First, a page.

A Girl’s Greek Odyssey
In A Greek Girl’s Odyssey, Nicki Collins Geigert tells the story of her adventures in Greece along with her niece Savannah. The book follows their trek from Athens to Crete, with many stops along the way at historical sights and islands.
Geigert and her niece begin their journey in Marcopoulo, a town in East Attica, where she recounts their agenda as well as the sights visited. This formatting continues for the entirety of the book, as Geigert tells stories from every travel destination. Although I enjoyed the first-person narration, I found the subtitle “Join Savannah on her Adventures” misleading. Her niece Savannah, although mentioned constantly throughout the book, never gave a first-person narration of her thoughts or opinions of the places visited. There were many pictures of Savannah but I felt I was experiencing Greece through Geigert’s eyes, not Savannah’s.
This narration includes a lot of history of the sights visited which I appreciated being unfamiliar with many of the stops along the way. Examples of these sights include the Greek temples of Artemis, Poseidon, Zeus, and the Palamidi Fortress of Argolis. Upon reaching these places, she recalled the people who had lived and died there, reflecting on their past lives. I especially found the conveying of Epidarus, an ancient theater, very interesting as Geigert explained how its construction affected the acoustics of the area. She also focuses heavily on the Christian apostle Paul throughout her book, noting where he preached and journeyed in Greece.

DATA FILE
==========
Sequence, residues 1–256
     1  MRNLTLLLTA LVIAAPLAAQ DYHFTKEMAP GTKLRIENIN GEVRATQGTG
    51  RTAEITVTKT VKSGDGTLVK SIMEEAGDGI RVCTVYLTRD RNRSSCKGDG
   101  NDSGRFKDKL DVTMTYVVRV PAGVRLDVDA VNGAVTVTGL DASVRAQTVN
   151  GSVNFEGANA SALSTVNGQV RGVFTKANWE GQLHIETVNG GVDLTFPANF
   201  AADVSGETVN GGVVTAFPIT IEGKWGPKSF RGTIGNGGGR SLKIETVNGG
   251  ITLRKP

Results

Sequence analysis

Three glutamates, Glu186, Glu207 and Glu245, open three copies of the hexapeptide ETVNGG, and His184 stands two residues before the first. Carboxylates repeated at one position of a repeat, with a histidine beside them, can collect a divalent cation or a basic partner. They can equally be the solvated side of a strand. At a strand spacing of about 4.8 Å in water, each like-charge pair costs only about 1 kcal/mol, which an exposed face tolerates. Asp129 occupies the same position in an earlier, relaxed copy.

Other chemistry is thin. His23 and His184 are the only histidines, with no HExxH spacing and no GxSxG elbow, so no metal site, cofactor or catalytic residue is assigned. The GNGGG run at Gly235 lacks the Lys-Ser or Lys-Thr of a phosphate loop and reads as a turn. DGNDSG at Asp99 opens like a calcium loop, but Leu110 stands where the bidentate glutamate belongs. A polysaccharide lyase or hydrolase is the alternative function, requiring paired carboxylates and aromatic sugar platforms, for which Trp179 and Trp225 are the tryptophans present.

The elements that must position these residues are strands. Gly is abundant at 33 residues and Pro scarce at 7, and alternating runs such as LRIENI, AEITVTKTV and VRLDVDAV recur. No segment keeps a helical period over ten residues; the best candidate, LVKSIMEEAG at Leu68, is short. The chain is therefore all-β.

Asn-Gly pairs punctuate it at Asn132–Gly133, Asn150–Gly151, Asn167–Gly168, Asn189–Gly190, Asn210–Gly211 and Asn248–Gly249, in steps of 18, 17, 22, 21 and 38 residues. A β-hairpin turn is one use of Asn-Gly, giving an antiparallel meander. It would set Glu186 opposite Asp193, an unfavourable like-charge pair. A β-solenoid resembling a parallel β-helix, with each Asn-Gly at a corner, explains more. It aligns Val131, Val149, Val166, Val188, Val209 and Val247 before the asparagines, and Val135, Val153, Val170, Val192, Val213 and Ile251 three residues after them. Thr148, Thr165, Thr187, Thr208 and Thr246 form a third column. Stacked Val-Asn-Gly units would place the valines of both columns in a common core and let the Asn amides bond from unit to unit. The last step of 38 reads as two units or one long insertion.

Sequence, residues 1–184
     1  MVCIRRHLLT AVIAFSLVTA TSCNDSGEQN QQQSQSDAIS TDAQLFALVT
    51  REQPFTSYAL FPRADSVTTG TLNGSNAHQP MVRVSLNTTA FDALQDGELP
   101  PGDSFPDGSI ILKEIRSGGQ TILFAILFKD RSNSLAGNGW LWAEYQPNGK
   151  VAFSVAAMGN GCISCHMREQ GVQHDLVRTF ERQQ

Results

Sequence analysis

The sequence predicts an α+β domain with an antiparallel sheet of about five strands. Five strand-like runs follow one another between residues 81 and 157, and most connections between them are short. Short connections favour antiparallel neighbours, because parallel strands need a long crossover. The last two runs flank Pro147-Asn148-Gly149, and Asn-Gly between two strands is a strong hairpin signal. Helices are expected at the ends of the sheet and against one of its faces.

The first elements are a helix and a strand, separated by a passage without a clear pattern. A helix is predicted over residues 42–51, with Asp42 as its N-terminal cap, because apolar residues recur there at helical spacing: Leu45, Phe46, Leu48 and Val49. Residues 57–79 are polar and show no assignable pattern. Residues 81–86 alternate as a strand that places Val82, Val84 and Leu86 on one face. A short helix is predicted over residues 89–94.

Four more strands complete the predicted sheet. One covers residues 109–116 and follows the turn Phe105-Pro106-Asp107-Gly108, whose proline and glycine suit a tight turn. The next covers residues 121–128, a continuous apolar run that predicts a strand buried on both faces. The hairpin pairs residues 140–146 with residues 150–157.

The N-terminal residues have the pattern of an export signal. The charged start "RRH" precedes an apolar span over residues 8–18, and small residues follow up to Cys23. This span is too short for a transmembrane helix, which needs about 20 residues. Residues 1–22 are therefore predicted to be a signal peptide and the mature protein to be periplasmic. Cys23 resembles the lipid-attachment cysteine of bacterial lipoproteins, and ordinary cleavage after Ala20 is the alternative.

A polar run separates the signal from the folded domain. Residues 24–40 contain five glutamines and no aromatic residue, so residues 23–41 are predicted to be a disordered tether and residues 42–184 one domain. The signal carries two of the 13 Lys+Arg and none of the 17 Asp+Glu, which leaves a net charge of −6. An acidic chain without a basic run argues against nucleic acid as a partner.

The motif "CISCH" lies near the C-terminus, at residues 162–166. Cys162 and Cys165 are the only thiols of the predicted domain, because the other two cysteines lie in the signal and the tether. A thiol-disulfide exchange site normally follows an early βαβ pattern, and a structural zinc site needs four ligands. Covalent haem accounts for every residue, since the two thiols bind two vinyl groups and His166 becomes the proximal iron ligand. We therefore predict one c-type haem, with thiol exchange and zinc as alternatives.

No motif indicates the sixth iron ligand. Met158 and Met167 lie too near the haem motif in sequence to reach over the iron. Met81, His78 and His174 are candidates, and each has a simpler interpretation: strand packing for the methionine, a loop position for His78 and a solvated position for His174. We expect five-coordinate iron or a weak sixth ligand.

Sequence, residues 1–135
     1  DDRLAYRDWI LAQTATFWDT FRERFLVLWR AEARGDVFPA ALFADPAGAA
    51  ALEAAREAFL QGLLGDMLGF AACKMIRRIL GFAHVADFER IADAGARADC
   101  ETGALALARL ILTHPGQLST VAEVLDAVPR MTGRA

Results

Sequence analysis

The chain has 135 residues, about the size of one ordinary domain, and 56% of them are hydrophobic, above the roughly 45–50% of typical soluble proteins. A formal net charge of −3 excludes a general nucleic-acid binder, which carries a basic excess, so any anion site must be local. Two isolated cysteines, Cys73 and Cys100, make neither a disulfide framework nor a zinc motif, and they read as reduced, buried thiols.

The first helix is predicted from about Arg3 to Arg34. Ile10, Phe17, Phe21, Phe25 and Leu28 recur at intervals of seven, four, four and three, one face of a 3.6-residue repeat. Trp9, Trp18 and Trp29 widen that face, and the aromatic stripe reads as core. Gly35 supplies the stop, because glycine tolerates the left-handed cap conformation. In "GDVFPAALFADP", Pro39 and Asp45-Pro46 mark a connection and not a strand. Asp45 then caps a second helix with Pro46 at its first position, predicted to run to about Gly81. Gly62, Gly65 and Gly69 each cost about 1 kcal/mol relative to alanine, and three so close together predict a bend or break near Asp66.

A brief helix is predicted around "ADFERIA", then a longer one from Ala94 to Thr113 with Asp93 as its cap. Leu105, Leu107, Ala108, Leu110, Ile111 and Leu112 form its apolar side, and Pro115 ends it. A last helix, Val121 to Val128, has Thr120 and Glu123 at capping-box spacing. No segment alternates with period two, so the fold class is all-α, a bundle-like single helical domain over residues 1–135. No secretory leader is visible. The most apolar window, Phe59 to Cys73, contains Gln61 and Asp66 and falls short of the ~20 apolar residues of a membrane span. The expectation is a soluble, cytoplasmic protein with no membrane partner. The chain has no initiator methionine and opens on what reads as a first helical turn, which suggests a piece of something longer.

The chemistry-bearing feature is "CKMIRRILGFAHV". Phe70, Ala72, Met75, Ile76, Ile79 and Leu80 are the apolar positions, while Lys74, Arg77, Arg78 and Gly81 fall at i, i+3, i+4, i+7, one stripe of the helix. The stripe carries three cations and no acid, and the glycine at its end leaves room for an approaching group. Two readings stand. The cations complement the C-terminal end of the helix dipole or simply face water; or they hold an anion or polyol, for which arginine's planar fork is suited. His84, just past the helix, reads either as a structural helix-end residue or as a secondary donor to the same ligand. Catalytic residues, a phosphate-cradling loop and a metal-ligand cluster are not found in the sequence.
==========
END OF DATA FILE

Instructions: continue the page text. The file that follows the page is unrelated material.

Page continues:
The majority of this story was told in the exceptional amount of stunning pictures Geigert took. Although some of these pictures were low quality, I especially found the ones of the Mystras area breathtaking. I was enthralled with the eye-popping colors of Old Town Chania with its entire city in hues of pinks, reds, blues, and yellows. The turquoise blue water was crystal clear and sparkling from the pictures of Balos beach, Gramvousa, and Elafonisi island.
I enjoyed traveling with Geigert and Savannah through Greece, however, I found the overall narration to be more personal than necessary. I wish Geigert had spoken more of the food they ate, the quality of the places they stayed at, the activities they engaged in, and their recommendations of what they would go back to visit in Greece. Rather, much detail instead was on inessential commentary. For example, although I thought the incident about Geigert’s husband John sleeping on the beach humorous, I found these intimate recounts lessened the sophistication of the book. I also found the many personal selfies and yoga pose pictures gave the book the feel of a scrapbook for cherished friends than a travel diary for the general reader.
|Page Count||288 pages|
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